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If you’re looking for me, I’m not here anymore! I decided to head over to tumblr for the simple reason that it seemed more visually appealing. It also turns out you can follow people and other fun stuff. This is my new blog.


December 26, 2010 at 7:15 PM Leave a comment


So, at Midtown Baptist Church, every year around Christmas for a few weeks they have something called the  | giv |  campaign.  Every year it’s something different, though that might change, since we’re so young.  The church is quite young in several ways.  This company of believers has only come together for a few years, and more than 2/3 of the congregation is made of college students, which means not  only are we young, but we don’t have a lot of money.

That makes this a little more awesome.  The  | giv |  project this year was to fund a halfway house for ten girls for one year in India.  In India, almost 1 million children are exploited in the sex slave industry.  Little girls are raped daily many times, and often their parents sell them into this torment.  We got the opportunity to watch God work and be a part of saving 10 little girls.  Obviously, I was elated.  To do this, we had to raise $20,000.  This was a step above last year, but if everyone who was registered as a member gave $35, we would make it.

There were a lot of informative and tough sermons over the past few weeks.  You know the ones, where they say stuff that we like to forget, like how Jesus said to sell your things and give them to those in need.  As in, sell your stuff.  Give up what you have.  Naturally, they encouraged us to do this, and they said they knew there was one thing each of us thought of that we didn’t need but were still holding onto, and before he even said that, I had something in mind to sell.

I was debating with myself over even telling this story since I really don’t want to sound like I’m bragging.  This wasn’t as much of a sacrifice for me as it might sound, but the ending of it is funny, so I’ll clue you guys in.  The thing that I decided to sell was my Nintendo Wii and all the accessories and games that I collected over the past two years to go with it.  INTERLUDE:  Word to the wise, if you’re ever looking to sell your video games at Gamestop, DON’T DO IT.  They’ll rip you off.  I’m still a little miffed at how little I got for how much I sold.  It ended up being only $150, but I was still happy to give my share.  I just wish I could have gotten more so I could have given more.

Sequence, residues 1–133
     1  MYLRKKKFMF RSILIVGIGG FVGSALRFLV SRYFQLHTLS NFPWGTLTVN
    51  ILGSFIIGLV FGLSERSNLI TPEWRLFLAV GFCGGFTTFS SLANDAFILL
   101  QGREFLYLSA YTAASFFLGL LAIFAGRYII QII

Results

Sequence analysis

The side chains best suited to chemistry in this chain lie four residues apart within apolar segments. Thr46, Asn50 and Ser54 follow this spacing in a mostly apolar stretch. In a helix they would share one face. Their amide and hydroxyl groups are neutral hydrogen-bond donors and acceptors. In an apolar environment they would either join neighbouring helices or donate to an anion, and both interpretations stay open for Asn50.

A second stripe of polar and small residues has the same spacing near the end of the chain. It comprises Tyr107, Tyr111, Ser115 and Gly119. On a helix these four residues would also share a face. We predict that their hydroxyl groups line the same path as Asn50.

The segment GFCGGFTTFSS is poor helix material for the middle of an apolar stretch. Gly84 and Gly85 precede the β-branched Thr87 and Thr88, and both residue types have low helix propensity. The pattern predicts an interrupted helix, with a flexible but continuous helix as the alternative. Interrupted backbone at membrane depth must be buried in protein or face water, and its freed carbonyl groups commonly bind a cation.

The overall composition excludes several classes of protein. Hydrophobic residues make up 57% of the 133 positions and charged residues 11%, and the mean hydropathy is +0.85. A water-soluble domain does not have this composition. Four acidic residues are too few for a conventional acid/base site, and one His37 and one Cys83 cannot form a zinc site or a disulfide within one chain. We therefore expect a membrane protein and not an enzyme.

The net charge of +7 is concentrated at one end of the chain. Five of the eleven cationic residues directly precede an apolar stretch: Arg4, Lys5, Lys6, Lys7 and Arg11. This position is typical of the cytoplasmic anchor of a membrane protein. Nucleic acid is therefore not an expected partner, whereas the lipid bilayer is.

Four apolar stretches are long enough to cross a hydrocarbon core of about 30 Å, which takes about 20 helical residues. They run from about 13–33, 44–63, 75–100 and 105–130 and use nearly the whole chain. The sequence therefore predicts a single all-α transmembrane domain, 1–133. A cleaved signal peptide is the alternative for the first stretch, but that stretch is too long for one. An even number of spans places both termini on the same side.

Anyway, the week before the pastor who was speaking had been ripping on guys who play video games too much (he told them to get jobs rather than level up their character on World of Warcraft).  I remember him saying specifically that he really wanted to get a note from someone saying they sold their Xbox and that they don’t miss it, so as I was putting the money into the envelope, I decided to give him a little treat and wrote “Sold my Wii.  Don’t miss it.”  I was in a hurry, so it really wasn’t my best handwriting.  I even wrote it upside down, but I figured it didn’t matter.

Turns out the pastors loved it and even pinned the envelope up on the bulletin board, but that’s not what makes this story funny.  One of them decided to mention in his message my little envelope and how the campaign was going.  He ended up saying, “I say ‘he” because the handwriting was awful and I figured it had to be a guy.”  So my face is turning red and my sister’s trying so hard not to crack up she’s almost crying, but I thought it was all in good fun.  My sister is friend’s with the pastor so naturally she told him it was me, and he was completely embarrassed and had to mention it again this week.  I should probably tell him in person that it’s really OK, it makes for a funny story.  I’ve known for a long time that I don’t have handwriting as pretty as most girls seem to have, but now it’s confirmed that I write like a dude.

Anyway, here comes the grand finale.  Toni and I came back to Columbia this week for the Christmas gathering, and I was really anticipating it because they would announce how much money we raised.  I really wanted us to reach our goal because this issue really touches my heart.  We act like slavery doesn’t exist anymore, but it does.  It’s not legal, but it still exists around the world, and it kills me because we can stop it but we don’t.

It turns out that we reached our goal within one week, specifically $24,000.  Over three weeks, we raised more than $64,000.  I’ll let that sink in for a minute.  600 people raised almost $65,000!!!  That’s more than $100 per person!  This is a group that’s mainly made up of college students, who, whether or not they actually are, think they’re broke!  THIS IS GOD, PEOPLE.  Showing pictures of starving children can’t inspire this kind of giving.  There’s nothing in us so good to do this.  I’ll say it over and over again, praise God, King of Kings, Lord of Lords!  We get the privilege of seeing Jesus do work, and it’s amazing even just to watch.  To be included in it is just awe-inspiring.